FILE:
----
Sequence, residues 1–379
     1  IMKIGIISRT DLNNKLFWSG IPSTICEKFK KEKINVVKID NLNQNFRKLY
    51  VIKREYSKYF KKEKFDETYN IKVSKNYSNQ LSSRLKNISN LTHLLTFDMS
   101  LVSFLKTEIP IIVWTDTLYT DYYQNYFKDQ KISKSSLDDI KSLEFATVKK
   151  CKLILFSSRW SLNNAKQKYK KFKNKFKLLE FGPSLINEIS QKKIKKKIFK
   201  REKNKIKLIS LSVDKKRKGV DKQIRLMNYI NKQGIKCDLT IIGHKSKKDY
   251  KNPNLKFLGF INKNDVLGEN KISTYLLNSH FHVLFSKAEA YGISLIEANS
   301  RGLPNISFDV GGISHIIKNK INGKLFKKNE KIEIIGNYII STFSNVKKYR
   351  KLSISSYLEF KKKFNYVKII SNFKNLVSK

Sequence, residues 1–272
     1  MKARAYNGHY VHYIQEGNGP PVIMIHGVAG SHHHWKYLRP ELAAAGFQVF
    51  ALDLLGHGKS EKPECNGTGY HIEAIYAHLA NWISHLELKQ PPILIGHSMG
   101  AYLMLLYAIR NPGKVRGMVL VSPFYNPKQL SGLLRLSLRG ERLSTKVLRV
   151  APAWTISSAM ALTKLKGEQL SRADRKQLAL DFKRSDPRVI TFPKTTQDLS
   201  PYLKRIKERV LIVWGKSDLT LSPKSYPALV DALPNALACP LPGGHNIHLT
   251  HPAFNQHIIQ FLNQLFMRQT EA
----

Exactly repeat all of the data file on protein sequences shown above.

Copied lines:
Sequence, residues 1–379
     1  IMKIGIISRT DLNNKLFWSG IPSTICEKFK KEKINVVKID NLNQNFRKLY
    51  VIKREYSKYF KKEKFDETYN IKVSKNYSNQ LSSRLKNISN LTHLLTFDMS
   101  LVSFLKTEIP IIVWTDTLYT DYYQNYFKDQ KISKSSLDDI KSLEFATVKK
   151  CKLILFSSRW SLNNAKQKYK KFKNKFKLLE FGPSLINEIS QKKIKKKIFK
   201  REKNKIKLIS LSVDKKRKGV DKQIRLMNYI NKQGIKCDLT IIGHKSKKDY
   251  KNPNLKFLGF INKNDVLGEN KISTYLLNSH FHVLFSKAEA YGISLIEANS
   301  RGLPNISFDV GGISHIIKNK INGKLFKKNE KIEIIGNYII STFSNVKKYR
   351  KLSISSYLEF KKKFNYVKII SNFKNLVSK

Sequence, residues 1–272
     1  MKARAYNGHY VHYIQEGNGP PVIMIHGVAG SHHHWKYLRP ELAAAGFQVF
    51  ALDLLGHGKS EKPECNGTGY HIEAIYAHLA NWISHLELKQ PPILIGHSMG
   101  AYLMLLYAIR NPGKVRGMVL VSPFYNPKQL SGLLRLSLRG ERLSTKVLRV
   151  APAWTISSAM ALTKLKGEQL SRADRKQLAL DFKRSDPRVI TFPKTTQDLS
   201  PYLKRIKERV LIVWGKSDLT LSPKSYPALV DALPNALACP LPGGHNIHLT
   251  HPAFNQHIIQ FLNQLFMRQT EA